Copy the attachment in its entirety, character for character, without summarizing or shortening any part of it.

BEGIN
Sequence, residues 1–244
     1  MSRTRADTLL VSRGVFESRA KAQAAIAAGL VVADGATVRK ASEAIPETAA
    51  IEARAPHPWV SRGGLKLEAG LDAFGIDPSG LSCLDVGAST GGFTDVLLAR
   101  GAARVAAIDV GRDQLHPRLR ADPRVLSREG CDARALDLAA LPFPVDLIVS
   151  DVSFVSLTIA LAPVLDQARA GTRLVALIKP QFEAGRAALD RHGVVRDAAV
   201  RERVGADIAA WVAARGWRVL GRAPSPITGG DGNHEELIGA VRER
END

Sequence, residues 1–244
     1  MSRTRADTLL VSRGVFESRA KAQAAIAAGL VVADGATVRK ASEAIPETAA
    51  IEARAPHPWV SRGGLKLEAG LDAFGIDPSG LSCLDVGAST GGFTDVLLAR
   101  GAARVAAIDV GRDQLHPRLR ADPRVLSREG CDARALDLAA LPFPVDLIVS
   151  DVSFVSLTIA LAPVLDQARA GTRLVALIKP QFEAGRAALD RHGVVRDAAV
   201  RERVGADIAA WVAARGWRVL GRAPSPITGG DGNHEELIGA VRER